California Governor Jerry Brown was on This Week with George Stephanopoulos Sunday morning and made assertions that the severity and timing of last week's wildfire in San Diego were somehow do to climate change.
You can see the ABC interview here - but we'll show the briefer video from a press conference where he made a similar assertion:
"And then I would just say, the climate is changing in ways that will bring about more forest fires. Our fire season is much longer than it has been historically. We're spending a lot more money. This year alone, I signed a bill for over a half a billion, in fact, about $640 million to deal with drought."
Scientists are definitely not convinced that the fires have anything to do with a changing climate. Norman Miller, an hydroclimate professor at University of California, Berkeley said in an interview with National Geographic, "What we're seeing right now is just a real anomaly. Whether it's part of natural variability or climate change, we need to have a longer record of occurrences so we can construct a trend and make sense out of it."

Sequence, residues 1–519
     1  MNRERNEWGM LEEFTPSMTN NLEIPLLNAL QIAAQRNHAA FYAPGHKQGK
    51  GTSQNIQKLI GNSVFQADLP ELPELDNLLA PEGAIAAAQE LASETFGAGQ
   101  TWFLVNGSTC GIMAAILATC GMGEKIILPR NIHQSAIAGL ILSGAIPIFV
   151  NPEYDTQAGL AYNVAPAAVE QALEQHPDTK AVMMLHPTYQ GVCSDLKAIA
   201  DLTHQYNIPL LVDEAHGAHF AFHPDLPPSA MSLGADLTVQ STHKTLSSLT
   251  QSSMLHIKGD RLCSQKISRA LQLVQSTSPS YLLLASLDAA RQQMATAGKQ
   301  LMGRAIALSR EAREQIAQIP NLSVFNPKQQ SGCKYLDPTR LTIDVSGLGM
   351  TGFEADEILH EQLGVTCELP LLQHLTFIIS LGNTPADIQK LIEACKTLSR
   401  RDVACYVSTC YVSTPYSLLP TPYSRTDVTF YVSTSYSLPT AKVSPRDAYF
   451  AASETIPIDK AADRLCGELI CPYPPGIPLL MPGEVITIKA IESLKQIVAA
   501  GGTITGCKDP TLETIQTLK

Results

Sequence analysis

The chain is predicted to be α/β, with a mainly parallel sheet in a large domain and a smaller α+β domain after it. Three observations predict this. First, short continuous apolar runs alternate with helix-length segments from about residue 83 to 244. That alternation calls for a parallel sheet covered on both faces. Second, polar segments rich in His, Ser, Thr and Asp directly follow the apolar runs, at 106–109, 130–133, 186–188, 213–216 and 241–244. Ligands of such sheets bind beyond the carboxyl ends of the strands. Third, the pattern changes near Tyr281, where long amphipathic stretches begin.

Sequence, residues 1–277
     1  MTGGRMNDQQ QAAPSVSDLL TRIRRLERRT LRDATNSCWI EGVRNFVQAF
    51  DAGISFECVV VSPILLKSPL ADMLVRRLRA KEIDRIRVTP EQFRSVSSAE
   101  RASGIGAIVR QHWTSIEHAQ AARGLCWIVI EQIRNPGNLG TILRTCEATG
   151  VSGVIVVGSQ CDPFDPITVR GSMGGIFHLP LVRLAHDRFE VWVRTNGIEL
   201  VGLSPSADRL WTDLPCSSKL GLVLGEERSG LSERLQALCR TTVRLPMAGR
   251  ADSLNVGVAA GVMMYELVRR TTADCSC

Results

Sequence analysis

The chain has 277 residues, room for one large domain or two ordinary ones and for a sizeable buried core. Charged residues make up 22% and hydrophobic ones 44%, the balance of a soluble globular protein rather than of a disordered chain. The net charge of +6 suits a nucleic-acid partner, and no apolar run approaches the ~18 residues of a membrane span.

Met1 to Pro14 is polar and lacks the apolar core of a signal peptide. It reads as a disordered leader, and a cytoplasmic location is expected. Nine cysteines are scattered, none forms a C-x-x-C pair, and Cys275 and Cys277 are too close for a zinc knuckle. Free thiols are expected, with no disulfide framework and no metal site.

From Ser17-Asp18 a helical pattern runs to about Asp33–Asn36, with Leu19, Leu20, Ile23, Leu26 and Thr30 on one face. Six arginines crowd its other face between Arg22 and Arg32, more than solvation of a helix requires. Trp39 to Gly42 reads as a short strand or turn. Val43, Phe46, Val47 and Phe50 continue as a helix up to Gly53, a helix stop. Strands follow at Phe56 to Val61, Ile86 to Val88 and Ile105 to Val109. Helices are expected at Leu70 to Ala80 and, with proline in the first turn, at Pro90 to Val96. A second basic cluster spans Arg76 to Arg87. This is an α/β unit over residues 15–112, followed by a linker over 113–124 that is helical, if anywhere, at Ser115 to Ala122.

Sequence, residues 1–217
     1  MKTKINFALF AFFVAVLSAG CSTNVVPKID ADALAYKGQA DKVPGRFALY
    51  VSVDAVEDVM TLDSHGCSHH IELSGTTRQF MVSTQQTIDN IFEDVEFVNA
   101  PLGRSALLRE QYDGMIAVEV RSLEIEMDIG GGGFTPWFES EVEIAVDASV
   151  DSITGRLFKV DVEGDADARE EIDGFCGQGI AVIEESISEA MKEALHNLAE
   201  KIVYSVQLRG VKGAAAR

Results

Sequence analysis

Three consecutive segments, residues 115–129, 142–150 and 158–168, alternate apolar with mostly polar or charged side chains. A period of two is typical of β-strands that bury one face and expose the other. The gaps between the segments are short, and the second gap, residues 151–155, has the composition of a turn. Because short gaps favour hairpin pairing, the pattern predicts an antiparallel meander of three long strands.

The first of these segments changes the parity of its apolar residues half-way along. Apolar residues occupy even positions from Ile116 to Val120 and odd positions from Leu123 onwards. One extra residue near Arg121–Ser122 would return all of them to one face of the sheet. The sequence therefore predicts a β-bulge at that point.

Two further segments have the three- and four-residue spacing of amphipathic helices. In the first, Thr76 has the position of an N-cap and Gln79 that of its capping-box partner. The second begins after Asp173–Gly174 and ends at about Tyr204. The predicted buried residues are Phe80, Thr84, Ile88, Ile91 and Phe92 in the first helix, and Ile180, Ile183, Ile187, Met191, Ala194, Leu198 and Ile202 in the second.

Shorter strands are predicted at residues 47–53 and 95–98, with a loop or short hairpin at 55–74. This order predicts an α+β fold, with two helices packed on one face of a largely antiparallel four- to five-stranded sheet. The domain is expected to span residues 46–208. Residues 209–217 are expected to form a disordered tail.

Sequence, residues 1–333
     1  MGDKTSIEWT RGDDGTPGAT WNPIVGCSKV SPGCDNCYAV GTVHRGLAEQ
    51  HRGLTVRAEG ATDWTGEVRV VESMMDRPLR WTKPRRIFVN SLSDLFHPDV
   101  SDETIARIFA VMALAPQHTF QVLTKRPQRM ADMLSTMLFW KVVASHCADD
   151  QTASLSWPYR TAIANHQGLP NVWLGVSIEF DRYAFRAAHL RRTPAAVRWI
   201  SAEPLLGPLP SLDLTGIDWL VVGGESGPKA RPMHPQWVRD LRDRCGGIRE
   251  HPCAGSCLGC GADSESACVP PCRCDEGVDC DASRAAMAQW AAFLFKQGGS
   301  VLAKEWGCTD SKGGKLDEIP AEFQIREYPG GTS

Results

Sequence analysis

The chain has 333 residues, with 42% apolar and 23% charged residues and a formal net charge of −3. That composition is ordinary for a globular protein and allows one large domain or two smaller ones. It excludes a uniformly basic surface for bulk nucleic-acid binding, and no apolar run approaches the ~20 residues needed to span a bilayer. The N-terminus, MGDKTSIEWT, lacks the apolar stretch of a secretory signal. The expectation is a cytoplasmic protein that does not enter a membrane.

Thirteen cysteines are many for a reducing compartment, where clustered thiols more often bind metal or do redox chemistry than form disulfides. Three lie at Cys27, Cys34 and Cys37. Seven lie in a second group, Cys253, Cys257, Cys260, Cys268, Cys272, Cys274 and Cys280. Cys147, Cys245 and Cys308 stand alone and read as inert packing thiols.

Luckily for them, Steven Goddard has the trend for them. Government data and the following graph clearly show that Brown is wrong:
Just like with many other weather and climate variables, the data themselves show no trend. A few other datapoints for those interested:
2013: Least Extreme Summer on Record in U.S. (Goddard)
2013 Shattering Record for Fewest Tornadoes (Heartland)
2013 Hurricane Season Ranks as One of the Least Intense (Accuweather)
Exaggeration and emotional appeals that are factually untrue are not a basis upon which to form policy.
Of course, the threat of wildfires are serious, but one wonders if the notion of spending more taxpayer money is what's actually driving claims that what we're seeing out of the climate is somehow "new." It's not.